tunisia hungary
Photo: Globs Magazine

Hungary opened a credit line of 255 million Euros for Tunisian companies to promote exports in both directions. The number of Tunisian students arriving to Hungary are increasing. Soon there will be a direct flight between Tunis and Budapest. These few facts show how the Hungarian-Tunisian relations have improved over the last years. The first steps for a fruitful cooperation were made by Adnene Damergi who was the head of the diplomatic mission between 2007 and 2012. GLOBS Magazine’s Interview with the first chargé d’affaires en pied of the Republic of Tunisia. 

GLOBS: How did you come to Hungary?
Adnene Damergi: I came to this country as a chargé d’affaires in 2007. I spent 5 years in this position. This means that at that time I was a subordinate diplomat who substituted the absent ambassador as our embassy was linked to the Embassy of Tunisia in Vienna. Finally, after 3 years Tunisia has created an embassy on its own in Budapest, in which I was the first chargé d’affaires. Of course it was a long way to go. Before that we were very much in close contact with the embassy in the Austrian capital especially in financing. Every important activity was performed here but we had to wait for the Viannese Embassy to be able to cover the related expenses.

GLOBS: Did you have any knowledge about Hungary before coming to Budapest?
Adnene Damergi: When I started working for the Ministry of Foreign Affairs my department was specialised in East Europe. I was dealing with three countries: Hungary, Romania and Bulgaria. I had contacts with the Hungarian Embassy in Algeria that covered also Tunisia and Lybia. So when I arrived in Budapest I already had knowledge about the countries of this region.

GLOBS: How was the embassy finally set up?
Adnene Damergi: In October of 2009 the Minister for Foreign Affairs of Tunisia, Abdelwaheb Abdallah paid an official visit to Hungary. He was received by Kinga Göncz and also by President László Sólyom and Katalin Szili, Speaker of the Parliament. The three dignities of Hungary asked him when an embassy will be set up here. Of course, back to Tunis, he mentioned it in his report to the Tunisian president. As soon as the legal situation was arranged, in a couple of months the embassy was opened. The new embassy was officially inaugurated in March 2010.

Adnene Damergi
Adnene Damergi, photo: GLOBS Magazine

GLOBS: You had to build up the whole embassy. What were your tasks at that time?
Adnene Damergi: We built it from the bottom. We already had an office building but we had to find an ambassadorial residence as well. We signed a new trade and also scholarship agreement. Of course there were some cooperation agreements earlier but they were originating from the socialist time. That is why those ones had to be renegotiated. I had only one diplomat with me and even by such a small staff we were lucky to be independent.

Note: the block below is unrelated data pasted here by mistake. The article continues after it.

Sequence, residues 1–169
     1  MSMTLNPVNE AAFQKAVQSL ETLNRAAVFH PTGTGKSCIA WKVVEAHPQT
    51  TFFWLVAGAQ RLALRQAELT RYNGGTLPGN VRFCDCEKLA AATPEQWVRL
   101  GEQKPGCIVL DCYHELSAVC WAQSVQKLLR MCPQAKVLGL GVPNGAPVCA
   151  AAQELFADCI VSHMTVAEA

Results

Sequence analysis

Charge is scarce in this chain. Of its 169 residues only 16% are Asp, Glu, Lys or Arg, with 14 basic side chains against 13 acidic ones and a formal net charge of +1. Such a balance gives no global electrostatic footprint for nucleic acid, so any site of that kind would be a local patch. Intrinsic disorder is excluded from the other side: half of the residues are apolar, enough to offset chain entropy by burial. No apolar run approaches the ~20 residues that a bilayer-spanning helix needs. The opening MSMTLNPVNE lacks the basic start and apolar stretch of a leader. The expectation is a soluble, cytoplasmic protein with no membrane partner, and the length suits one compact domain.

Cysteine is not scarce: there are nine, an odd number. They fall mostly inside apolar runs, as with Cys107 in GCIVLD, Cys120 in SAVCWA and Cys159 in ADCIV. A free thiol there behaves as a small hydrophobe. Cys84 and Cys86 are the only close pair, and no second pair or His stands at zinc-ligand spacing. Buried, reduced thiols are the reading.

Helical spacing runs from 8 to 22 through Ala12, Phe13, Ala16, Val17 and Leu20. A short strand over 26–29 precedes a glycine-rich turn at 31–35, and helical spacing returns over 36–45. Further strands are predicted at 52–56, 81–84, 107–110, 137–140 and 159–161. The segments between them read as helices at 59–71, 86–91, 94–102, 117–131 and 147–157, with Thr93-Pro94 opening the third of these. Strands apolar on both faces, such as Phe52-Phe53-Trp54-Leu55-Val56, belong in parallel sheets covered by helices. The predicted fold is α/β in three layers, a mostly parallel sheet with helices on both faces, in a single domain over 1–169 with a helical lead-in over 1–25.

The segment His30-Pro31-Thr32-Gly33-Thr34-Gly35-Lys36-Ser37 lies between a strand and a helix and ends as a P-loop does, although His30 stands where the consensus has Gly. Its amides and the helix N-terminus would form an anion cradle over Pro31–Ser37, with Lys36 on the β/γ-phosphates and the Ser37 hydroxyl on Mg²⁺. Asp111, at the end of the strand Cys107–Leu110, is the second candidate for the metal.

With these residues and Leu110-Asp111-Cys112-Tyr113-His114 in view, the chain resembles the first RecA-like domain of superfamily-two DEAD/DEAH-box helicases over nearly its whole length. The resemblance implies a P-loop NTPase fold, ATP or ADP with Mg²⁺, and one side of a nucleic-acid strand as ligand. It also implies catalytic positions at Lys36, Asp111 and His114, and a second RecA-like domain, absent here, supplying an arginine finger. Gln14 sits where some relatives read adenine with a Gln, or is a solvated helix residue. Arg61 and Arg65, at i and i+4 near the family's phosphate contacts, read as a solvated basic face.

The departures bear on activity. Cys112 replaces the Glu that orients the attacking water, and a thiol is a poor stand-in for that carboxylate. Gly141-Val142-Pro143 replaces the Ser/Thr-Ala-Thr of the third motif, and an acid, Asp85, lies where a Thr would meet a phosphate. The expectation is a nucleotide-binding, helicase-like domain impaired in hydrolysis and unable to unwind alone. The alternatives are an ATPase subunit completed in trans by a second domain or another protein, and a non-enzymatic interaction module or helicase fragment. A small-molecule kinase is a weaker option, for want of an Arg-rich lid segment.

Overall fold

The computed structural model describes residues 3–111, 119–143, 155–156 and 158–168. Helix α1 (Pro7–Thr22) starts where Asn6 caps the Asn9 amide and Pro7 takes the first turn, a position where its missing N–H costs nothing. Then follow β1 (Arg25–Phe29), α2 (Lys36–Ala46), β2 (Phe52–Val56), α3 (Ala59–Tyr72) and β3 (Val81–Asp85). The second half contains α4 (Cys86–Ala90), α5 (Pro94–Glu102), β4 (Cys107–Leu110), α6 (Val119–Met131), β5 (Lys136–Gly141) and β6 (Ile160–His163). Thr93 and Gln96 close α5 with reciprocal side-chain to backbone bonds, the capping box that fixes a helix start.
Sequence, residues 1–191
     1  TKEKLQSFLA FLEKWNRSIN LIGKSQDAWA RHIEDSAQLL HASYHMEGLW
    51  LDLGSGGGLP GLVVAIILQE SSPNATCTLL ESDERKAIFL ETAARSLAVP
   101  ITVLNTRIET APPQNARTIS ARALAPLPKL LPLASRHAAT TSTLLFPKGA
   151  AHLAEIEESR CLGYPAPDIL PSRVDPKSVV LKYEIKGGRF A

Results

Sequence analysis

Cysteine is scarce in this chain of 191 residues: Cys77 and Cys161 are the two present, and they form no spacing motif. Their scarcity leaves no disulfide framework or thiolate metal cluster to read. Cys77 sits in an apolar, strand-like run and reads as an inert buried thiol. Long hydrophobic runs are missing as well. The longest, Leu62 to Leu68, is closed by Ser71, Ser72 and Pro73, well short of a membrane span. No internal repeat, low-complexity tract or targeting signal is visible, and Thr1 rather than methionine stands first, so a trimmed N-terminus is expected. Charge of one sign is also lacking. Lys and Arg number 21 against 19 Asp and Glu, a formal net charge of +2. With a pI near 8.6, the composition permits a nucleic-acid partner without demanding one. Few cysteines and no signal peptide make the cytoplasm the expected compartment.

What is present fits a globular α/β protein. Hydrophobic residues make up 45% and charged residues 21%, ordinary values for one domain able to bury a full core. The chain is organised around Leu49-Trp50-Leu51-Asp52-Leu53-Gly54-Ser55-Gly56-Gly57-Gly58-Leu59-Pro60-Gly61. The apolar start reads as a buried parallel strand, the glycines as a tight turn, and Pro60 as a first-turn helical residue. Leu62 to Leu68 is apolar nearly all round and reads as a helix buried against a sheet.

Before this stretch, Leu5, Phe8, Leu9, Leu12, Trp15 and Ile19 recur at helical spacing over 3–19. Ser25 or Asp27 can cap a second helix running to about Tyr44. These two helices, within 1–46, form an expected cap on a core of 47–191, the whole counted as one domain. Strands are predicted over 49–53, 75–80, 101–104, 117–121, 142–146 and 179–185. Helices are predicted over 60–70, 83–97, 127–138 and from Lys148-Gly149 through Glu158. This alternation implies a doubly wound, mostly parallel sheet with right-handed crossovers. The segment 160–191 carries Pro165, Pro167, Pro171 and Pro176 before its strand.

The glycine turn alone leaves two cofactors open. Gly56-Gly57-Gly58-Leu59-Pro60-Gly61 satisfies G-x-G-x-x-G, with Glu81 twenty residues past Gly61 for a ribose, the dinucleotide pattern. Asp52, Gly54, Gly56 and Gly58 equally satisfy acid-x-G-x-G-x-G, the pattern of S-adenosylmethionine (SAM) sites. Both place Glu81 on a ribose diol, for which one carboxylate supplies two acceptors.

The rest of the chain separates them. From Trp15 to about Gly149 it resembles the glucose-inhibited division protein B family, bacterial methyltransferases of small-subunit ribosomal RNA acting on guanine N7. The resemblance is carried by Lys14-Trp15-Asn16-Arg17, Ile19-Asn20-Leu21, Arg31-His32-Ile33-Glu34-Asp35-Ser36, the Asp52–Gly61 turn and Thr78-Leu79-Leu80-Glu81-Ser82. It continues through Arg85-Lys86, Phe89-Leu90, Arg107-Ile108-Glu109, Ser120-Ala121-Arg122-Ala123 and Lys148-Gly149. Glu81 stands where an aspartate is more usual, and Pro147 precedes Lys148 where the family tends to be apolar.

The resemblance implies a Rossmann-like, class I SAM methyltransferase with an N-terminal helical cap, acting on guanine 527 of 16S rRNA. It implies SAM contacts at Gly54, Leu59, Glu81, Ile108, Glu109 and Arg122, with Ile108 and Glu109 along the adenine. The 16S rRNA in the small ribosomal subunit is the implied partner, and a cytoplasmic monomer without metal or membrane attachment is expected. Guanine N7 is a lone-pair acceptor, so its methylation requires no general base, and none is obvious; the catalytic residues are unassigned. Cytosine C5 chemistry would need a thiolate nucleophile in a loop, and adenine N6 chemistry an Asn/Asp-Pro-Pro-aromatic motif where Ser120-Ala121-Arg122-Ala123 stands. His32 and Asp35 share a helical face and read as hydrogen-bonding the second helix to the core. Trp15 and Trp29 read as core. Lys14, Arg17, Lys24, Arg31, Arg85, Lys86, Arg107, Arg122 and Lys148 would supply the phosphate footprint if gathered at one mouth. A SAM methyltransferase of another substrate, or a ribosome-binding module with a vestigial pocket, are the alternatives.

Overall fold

GLOBS: How are the economic relations between Hungary and Tunisia progressing?
Adnene Damergi: We have a joint council of Hungarian and Tunisian businessmen. Especially in the field of agriculture many products are traded and we should not forget about the i-tech industry. Tunisia has strong economic ties with Hungary, which go back to the ’60’s and ’70’s.

The work of the Hungarian engineers can be detected all around the country. That was the time when they were building dams in Tunisia.

GLOBS: You have also made an organisation here to help the growth in trade between the two countries. When did the idea come and how does it work today?
Adnene Damergi: When Abdelwaheb Abdallah, Foreign Minister of Tunisia arrived to Hungary on the occasion of his official visit in 2009 many businessmen were present from both countries. It was time to concentrate on the economic cooperation so we created an official institution for that. After democracy prevailed in Tunisia, the African-Hungarian Union established the Hungarian-Tunisian Business Council with 23 corporations on the initiative of the Embassy of Tunisia in Budapest, in 2011. The Hungarian head of the Council became Sándor Balogh. The first text of the agreement between the Budapest Chamber of Commerce and Industry (BCCI) and the Tunisian Chamber dates back to that period. This is a great opportunity to build contacts, organise forums and meetings to exchange information.

GLOBS: Last year marked the 60th anniversary of Tunisia’s independence, Hungary’s anti-Soviet uprising and the establishment of diplomatic ties between the two countries. We have many similarities in history. Do you agree?
Adnene Damergi: Yes, I believe we are not very far from each other in mentality and I can confirm the same about our history. We were part of the Roman Empire just like the Hungarians were, they had Ottoman Empire for 150 years, Tunisians were under their rule for 220 years. We were colonised by the French, the Soviets invaded Hungary.

GLOBS: What do you think what kind of skills a successful diplomat need?
Adnene Damergi: In order to be able to coordinate issues you need to know many people, to every subject the maximum amount of people. Of course you must be known by them as well. It takes months sometimes even years to create partnership. But the agreements you sign will have a long-term affect.

Sándor BALOGH, Head of the Hungarian-Tunisian Business Council, H. E. Ms. Samia Ilhem AMMAR, Ambassador Extraordinary and Plenipotentiary and Zoubeir CHAIEB, Cho-Chair of the Hungarian-Tunisian Business Council
Sándor BALOGH, Head of the Hungarian-Tunisian Business Council, H. E. Ms. Samia Ilhem AMMAR, Ambassador Extraordinary and Plenipotentiary and Zoubeir CHAIEB, Cho-Chair of the Hungarian-Tunisian Business Council

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Source: by Gabirella GYÖRGY, Journalist

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